Jeremy Henderson:

I think those are really great messages. Caro, so often we’re interviewing people living with MS that in spite of and despite MS, they’re doing inspiring things. But I think you’re absolutely right, it’s important. MS impacts all people differently, but it can and often is incredibly brutal. And it’s very important that we don’t sort of shy away from talking about those impacts and the very real impact it has on people.

In terms of that turning point, that moving through that grief process and reframing it and moving forward, was there a particular turning point for you that made it somehow easier to move forward?

Caro Llewellyn:

Some of it, Jeremy, I think was time. I had time to sit with myself, but I think also writing that book, and that’s why I think it took me so long. The book started, Diving Into Glass, this memoir that you mentioned, started out I was writing the story of my dad and his journey with disability because he was such a trailblazer. And I thought it was a story from a kid’s point of view, what it was like to live with a father with a severe disability like that. And I felt that that wasn’t really… And I just was so admiring of him. And so I wanted to tell his story, but also, as I say, through the lens of a small child and a growing up child, and then an adult. But then, when I got my own diagnosis, [inaudible 00:15:52], “Well, I don’t know what to do with this. How do I blend these stories?”

I was writing about him and his disability, and now I’ve got my own to contend with. But I think through the process of working through writing that book, I think that that did help me unpack it. I kept having to think… I had a wonderful editor called Sam Douglas in America, and he kept saying to me, “What’s the message that you want people to take away from this book?” And that helped me. And I thought, “I don’t want the message to be anger and grief, and all of those things. I want it to be a positive thing.” Not Pollyanna positive. I wanted to tell the real story, but I just thought the message has to be, I have to come to peace with this. So, I think the process of writing the book was part of the help and just really thinking about what happened to my father, how he dealt with it and why I was not dealing with it in the same gracious way that he did, smart way.

Jeremy Henderson:

Did your MS diagnosis and living with MS, has that changed your thoughts around disability and the way you see your dad, and the challenges that he dealt with? Do you see them any differently now as an adult and as somebody living with MS than you did as a child? Or was your dad and your dad’s disability always sort of framed as something very positive and something that was the challenge that was being overcome and supported well?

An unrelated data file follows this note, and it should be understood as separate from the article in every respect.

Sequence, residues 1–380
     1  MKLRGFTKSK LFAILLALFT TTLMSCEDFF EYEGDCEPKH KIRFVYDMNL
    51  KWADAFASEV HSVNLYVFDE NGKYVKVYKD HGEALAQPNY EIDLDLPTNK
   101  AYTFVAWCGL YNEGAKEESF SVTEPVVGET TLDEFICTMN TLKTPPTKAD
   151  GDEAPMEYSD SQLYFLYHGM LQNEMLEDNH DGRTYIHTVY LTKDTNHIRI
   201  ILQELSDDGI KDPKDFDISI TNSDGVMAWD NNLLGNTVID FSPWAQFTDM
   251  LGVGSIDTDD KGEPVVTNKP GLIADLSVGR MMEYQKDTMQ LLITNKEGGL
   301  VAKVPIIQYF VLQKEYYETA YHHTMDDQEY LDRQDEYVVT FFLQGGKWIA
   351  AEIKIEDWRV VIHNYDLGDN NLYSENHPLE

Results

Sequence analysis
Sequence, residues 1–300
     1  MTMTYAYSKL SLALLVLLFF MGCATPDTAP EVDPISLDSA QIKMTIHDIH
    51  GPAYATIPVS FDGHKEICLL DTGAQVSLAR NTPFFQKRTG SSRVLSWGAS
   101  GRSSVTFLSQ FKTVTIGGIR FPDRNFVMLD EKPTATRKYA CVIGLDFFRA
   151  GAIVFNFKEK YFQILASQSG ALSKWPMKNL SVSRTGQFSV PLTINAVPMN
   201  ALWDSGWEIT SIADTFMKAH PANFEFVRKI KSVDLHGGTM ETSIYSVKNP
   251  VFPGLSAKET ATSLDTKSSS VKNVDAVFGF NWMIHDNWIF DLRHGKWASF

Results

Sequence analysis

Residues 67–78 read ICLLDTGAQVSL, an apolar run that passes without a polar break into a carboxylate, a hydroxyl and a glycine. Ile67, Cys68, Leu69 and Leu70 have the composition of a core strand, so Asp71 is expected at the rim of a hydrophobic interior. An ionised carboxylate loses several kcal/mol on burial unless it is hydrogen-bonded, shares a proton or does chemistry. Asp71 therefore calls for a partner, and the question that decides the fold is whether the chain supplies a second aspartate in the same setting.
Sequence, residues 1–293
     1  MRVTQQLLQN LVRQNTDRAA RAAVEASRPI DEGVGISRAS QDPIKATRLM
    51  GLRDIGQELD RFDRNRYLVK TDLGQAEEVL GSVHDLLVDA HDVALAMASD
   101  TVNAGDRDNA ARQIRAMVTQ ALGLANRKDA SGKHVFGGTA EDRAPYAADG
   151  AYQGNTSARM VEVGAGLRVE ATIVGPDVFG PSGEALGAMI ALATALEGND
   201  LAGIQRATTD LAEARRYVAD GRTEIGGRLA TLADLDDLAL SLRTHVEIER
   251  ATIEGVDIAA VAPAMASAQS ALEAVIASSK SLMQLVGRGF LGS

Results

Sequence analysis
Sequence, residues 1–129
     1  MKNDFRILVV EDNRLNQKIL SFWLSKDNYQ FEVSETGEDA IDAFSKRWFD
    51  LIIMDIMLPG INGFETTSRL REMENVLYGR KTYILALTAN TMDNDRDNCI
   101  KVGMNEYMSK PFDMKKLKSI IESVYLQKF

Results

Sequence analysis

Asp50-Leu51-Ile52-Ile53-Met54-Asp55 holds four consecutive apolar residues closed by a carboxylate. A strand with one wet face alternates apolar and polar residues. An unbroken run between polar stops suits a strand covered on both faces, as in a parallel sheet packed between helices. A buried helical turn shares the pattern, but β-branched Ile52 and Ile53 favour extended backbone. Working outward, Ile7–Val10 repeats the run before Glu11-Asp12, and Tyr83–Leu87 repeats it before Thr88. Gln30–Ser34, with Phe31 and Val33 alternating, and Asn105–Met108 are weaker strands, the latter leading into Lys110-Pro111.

Caro Llewellyn:

I think a bit of both. I think he was so positive about it and my mum and my stepmum were so amazing about enabling him to do the things that he wanted to do, and nothing stopped him. And I found it frustrating sometimes as a kid. Yeah, I was in such awe. And it was always presented as so positive and he never complained that he never was never bitter, or, “It’s all right for you,” and those kinds of things. He just got on with it. So, he lived in South Australia at Henley Beach, right on the beach on the waterfront, beautiful place with it. And they built a deck, and he used to sit out there and watch us kids play on the beach. And we’d come up and we’d tell him all about the sea, and we’d put our hands on him and make him cold and he could smell the ocean.

And now, I find myself, I’m the one sitting up on the deck watching the kids play, and they come up to me. And so, it’s poignant. It’s very moving and I think sometimes it would be easy to slip into that, “Oh, my gosh, I wish I could be there.” And I actually can get down to the beach and I go swimming in the beach, but it’s not easy. But I just take inspiration from him. And I just think just be that happy, beautiful person that is good with all this and can sit with all of this and it’s okay. I don’t have to be down on the beach. I’ve been on the beach a lot in my life.

Jeremy Henderson: